I’ve mentioned Moses, my sweet formerly feral silver tabby, a few times in stories lately, and in researching photos for a project I flipped past this photo of her—of her nose, in a position I always loved as her chin was tucked into her chest, such a very common posture for her. I know she was purring her soft little breathy purr and the tip of her tail was tapping the wood of the deck with happy regularity. She was getting her daily thermonuclear treatment and nothing, nothing at all, was going to make her move until the sun was gone.
All images used on this site are copyrighted to Bernadette E. Kazmarski unless otherwise noted and may not be used without my written permission. Please ask if you are interested in purchasing one as a print, or to use in a print or internet publication.
Today is the day to blog for peace, and here is my design.
It uses the globe image provided by Blog4Peace, and I’ve added several elements of my own. The background is a starry background I created for a website and have also used in a few print designs. The moon, in the upper right corner, is one of my photos of a full moon. The art of the two cats in front is my block print “Awakening“, featuring two of my best beloved cats.
Read more—and design your own entry—at BlogBlastForPeace
Who could dump two kittens obviously so sweet?
Rosey and Georgie are brother and sister, about 14 weeks old. Both are current on shots, and are FIV and FeLV negative.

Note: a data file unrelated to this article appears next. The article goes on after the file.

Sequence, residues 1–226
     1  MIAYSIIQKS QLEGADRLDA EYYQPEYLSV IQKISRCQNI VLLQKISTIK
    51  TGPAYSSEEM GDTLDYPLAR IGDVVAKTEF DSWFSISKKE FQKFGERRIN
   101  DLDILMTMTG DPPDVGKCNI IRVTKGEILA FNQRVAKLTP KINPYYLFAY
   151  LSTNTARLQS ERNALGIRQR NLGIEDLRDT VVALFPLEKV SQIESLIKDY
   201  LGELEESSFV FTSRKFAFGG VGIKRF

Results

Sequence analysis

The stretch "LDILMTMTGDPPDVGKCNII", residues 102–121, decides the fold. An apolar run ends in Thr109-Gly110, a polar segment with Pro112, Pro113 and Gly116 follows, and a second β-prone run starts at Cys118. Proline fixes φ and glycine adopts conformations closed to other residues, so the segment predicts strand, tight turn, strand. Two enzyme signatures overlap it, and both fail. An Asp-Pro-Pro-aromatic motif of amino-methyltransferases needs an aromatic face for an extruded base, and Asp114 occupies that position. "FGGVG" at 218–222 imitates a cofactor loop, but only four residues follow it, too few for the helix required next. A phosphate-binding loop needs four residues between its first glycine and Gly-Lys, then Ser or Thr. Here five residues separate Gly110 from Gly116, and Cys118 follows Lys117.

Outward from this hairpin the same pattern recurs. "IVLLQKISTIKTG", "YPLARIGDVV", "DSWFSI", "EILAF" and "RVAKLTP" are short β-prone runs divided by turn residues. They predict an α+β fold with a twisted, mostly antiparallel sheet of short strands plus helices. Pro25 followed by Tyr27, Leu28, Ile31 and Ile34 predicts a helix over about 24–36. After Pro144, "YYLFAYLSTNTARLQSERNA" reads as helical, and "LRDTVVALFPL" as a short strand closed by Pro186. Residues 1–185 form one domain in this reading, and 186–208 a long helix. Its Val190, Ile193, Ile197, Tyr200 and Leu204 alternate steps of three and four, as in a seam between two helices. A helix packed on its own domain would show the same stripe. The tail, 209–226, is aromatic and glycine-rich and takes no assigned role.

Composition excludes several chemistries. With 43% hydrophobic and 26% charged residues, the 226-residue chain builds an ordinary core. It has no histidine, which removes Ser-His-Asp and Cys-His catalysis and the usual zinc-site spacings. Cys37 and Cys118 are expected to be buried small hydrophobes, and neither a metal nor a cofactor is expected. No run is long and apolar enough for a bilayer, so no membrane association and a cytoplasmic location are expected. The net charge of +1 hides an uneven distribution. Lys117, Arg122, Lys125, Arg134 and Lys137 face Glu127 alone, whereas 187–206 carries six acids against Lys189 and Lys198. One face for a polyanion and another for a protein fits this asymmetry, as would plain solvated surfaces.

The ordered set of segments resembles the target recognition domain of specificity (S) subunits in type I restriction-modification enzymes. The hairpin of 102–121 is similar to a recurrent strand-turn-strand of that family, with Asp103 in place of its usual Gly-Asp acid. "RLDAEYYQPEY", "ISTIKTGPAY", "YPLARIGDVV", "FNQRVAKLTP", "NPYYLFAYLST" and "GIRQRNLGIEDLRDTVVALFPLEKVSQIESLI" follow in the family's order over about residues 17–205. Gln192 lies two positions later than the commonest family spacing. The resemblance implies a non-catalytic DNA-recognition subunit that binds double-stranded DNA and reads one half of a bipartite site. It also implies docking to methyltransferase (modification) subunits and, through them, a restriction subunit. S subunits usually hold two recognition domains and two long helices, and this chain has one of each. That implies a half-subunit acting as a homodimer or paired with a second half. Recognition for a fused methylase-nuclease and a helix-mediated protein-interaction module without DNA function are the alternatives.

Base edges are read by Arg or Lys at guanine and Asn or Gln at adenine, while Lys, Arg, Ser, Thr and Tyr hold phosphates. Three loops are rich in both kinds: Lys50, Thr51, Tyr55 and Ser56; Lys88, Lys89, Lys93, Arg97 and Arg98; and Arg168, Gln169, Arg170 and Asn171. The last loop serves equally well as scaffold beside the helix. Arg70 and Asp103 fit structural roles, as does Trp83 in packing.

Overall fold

They have been wormed, and treated for fleas and are ready to be spayed and neutered.
They are both litter trained, and very friendly and playful. Rosey is a little reserved at first, until she gets to know you.
They love to snuggle, and purr as soon as you touch them.
They were rescued by Marcy, who regularly rescues and fosters homeless cats and dogs. She paid for their veterinary care out of her own pock, so she is asking a re-homing fee of $60 so that she can keep rescuing. Click this link to find a list of low-cost spay and neuter clinics, which you can download and print out, in the Pittsburgh area, as well as links to search for a clinic close to you anywhere in the country.
If you would like to adopt either one or both of these kittens, please contact Marcy at 412-334-7187 or send her an e-mail.
by Karen Sable, Guest Columnist
I have always had a soft spot in my heart for senior pets. When I visit a shelter or browse the listings on Petfinder, I certainly love the young puppies and kittens, but I am usually drawn to the senior pets. To me their eyes seem to reflect a wisdom, and what I call a “soulfulness”. Plus, I know that they are less likely to be adopted, and I have always been inclined to favor the “underdog”. Over the past twenty or so years, I have become the “mother” to ten cats. While some younger ones chose me by showing up in my yard and deciding they would move in, of those that I made a conscious decision to go and adopt, all were seniors.